Today’s airline industry is a vibrant, growing and evolving ecosystem. Strong profits over the past half-decade have led to massive reinvestment into aircraft, the on-board experience, gates, terminals and internal systems and technology.

These upgrades take direct aim at enhancing brand value, operational excellence and, most importantly, the customer experience. Additionally, increased earnings are driving a deep commitment by all the major airlines to compete across the entire market landscape. While many factors play into the cost of a ticket, the impact of this increasingly competitive environment can already be seen. As ARC reported earlier this month, the average ticket price (ATP) in April 2018 for domestic round trip itineraries was $484, 3.5 percent less than in April 2017 and about 10 percent less than in April 2014 – consistent with overall trending data.

However, if airlines are to succeed in the future, commoditization of their products and a race to the bottom is simply not sustainable. Airlines will need to find new ways to monetize offerings and generate revenue. Ancillary revenues will continue to grow in importance. Interestingly, during a recent Spirit Airlines earnings call, its Chief Commercial Officer, Matt Klein, stated that ancillaries account for roughly half of the airline’s overall revenue. In short, what this all means is that airlines need to be able to consistently display and differentiate their products across an array of diverse distribution channels.

It was the reality of this future that drove the creation of the International Air Transport Association’s (IATA) New Distribution Capability (NDC) messaging standard. Designed to address current distribution limitations throughout the industry, most of the promise of NDC has rightfully focused on the ability for airlines to have more control and ownership of the offers presented to travelers — differentiated offers that can be put into the market faster and provide a more transparent shopping experience.

To survive in this brave new world of airline commerce, the technology providers that enable relationships between airlines and those that sell their products (e.g., travel agencies) will need to adapt in ways that support the emerging relationship models as a result of NDC and shifting distribution strategies.

For more than 50 years, ARC has delivered trusted and reliable travel agency accreditation and settlement services to the air travel industry. Our solutions are built upon the traditional travel agency airline distribution model — offers are provided through the Global Distribution Systems (GDSs) and transactions flow to ARC for reporting and settlement. It has always been a one-size-fits-all model with one set of rules for all travel agencies and one set of rules for all airlines. It’s a model that has thrived. In 2017, ARC processed more than $88.5 billion in sales (including $9.8 billion in cash sales), connecting more than 225 airlines and 12,000 travel agency locations.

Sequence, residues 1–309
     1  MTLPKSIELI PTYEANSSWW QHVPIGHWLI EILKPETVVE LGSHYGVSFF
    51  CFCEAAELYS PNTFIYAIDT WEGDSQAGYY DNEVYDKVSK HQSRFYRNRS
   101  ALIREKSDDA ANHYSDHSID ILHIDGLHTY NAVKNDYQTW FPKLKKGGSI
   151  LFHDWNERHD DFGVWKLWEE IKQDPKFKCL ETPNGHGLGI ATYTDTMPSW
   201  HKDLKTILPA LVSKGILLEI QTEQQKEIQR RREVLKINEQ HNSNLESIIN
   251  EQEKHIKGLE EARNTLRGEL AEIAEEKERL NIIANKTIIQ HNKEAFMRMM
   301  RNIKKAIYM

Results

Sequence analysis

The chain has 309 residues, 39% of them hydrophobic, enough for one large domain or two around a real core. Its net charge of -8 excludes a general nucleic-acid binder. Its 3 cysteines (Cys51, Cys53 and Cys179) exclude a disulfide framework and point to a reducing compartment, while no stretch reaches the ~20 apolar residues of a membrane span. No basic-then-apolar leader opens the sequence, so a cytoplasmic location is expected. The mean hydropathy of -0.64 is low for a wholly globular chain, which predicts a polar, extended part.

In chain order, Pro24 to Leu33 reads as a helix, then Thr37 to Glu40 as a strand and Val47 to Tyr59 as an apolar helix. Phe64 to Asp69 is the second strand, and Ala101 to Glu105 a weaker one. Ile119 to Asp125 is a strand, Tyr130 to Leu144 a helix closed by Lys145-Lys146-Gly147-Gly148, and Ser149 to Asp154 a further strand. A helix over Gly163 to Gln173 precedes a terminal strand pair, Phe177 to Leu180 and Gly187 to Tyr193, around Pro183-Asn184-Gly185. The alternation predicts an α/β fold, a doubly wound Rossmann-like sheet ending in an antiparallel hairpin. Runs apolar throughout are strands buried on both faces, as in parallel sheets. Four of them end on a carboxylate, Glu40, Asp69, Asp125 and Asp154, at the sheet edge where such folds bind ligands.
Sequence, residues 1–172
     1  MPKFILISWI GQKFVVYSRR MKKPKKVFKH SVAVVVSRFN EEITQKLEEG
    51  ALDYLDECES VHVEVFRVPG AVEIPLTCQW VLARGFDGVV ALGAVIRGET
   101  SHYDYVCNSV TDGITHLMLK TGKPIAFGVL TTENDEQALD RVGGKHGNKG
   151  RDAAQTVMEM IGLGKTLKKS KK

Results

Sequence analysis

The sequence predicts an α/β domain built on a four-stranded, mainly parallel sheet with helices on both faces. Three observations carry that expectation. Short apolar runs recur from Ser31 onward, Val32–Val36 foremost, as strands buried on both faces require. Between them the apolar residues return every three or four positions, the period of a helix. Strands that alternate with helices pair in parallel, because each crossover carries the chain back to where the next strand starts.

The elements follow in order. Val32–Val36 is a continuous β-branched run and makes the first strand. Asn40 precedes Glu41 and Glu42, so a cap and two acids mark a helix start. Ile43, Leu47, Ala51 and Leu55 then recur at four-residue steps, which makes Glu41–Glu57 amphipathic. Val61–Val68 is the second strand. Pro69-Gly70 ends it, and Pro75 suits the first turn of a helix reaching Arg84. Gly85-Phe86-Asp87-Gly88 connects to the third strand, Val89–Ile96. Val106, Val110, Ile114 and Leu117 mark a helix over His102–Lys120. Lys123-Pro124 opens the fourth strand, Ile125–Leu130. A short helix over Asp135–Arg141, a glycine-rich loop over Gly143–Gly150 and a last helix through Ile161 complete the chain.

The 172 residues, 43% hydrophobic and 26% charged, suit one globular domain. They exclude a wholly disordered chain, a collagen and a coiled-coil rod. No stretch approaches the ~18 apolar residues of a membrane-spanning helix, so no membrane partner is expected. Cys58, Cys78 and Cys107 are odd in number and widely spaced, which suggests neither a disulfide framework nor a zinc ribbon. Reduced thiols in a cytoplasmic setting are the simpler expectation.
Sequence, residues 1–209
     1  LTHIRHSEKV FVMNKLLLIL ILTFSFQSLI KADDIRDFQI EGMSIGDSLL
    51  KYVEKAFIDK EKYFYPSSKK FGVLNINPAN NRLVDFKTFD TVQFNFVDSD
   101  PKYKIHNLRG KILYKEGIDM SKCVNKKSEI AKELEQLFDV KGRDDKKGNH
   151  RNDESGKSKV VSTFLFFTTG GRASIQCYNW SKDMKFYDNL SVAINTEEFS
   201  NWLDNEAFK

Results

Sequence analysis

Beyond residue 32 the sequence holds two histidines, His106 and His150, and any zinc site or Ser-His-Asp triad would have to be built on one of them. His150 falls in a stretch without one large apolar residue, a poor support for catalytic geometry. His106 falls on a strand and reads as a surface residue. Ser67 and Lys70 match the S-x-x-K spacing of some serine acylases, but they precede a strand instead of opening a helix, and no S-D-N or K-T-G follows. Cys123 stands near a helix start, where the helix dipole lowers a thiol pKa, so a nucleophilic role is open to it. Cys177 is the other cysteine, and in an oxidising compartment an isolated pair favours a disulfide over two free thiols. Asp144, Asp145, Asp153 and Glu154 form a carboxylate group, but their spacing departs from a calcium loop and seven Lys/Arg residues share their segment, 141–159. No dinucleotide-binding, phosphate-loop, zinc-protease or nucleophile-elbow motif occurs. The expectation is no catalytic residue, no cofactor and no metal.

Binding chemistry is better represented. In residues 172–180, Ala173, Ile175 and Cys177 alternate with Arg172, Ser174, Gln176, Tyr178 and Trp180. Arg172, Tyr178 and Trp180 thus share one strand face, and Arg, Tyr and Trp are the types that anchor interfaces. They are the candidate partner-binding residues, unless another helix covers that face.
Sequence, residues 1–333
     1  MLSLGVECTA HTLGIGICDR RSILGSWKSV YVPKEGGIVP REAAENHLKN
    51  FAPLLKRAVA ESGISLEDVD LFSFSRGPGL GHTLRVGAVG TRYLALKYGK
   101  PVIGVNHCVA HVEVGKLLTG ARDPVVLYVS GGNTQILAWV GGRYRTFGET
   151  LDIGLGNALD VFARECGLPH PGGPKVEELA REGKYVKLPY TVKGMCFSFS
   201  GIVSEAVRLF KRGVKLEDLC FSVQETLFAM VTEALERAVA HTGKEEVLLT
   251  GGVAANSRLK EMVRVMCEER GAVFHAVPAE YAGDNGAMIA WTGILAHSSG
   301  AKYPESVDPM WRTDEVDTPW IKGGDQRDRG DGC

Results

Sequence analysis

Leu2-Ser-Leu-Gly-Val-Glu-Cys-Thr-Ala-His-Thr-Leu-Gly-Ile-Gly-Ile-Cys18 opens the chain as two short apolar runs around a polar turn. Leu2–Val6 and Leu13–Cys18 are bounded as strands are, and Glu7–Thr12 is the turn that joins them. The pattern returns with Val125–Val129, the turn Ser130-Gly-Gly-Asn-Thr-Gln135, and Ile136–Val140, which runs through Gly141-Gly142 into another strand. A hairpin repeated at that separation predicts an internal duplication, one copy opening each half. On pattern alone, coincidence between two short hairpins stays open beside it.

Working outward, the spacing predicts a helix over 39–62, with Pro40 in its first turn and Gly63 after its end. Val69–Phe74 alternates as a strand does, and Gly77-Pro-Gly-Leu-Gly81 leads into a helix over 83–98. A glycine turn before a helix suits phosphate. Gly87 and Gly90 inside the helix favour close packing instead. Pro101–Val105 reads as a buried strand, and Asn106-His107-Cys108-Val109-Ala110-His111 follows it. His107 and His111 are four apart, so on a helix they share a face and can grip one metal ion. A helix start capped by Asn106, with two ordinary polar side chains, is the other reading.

But, in a rapidly evolving airline distribution landscape, one size will no longer fit all . Airlines are evolving to more flexible distribution models within which they exert more control over how their products are offered to the traveler. These varied models will introduce new opportunities to the agency community, but also new complexities. As ARC President and CEO Mike Premo recently noted in The Company Dime, while most of the focus has been on the actual offering, how content is managed extends past the buying experience to post-ticketing servicing, where processes for ticket refunds, exchanges, voids and other actions may vary based on how the agency and airline conduct business individually and together.

Not All NDC Implementations Are Created Equal

To help the airline and agency community navigate this change, ARC has taken a proactive role to identify what the future will likely look like and ensure that its systems, processes, products and services support shifting dynamics and help our customers thrive.

After numerous in-depth discussions with airlines, agencies and technology providers, including at ARC’s Settlement Council, we see a broad spectrum of distribution strategies evolving across airlines. Some are decisively moving toward a full-control model, where they not only provide the offer, but also manage the entire transaction – from billing the traveler’s credit card through the calculation of the travel agency’s commission and post-ticketing service. Meanwhile, other airlines are primarily focused on the offer creation and acceptance process, relying on the traditional model for servicing, credit card billing and settlement for cash transactions and commissions through ARC.

The crucial question to all of this is: How do 229 airlines* move more than $88.5 billion in sales volume via 12,032 travel agencies* in an environment that has such divergence in process and technology?

The answer is fairly straightforward: Create a platform that provides the scale and flexibility needed to manage the wide variety of individual relationships.

Flexible, Scalable, Reliable

ARC has a proven history of facilitating complex processes on a global scale. To ensure that we continue to deliver trusted and reliable distribution services to our customers, regardless of where on the spectrum they may fall, we have begun a massive undertaking to completely transform our systems.

The future of ARC will be one of flexible and customizable services and products tailored to customer needs in order to maximize client value.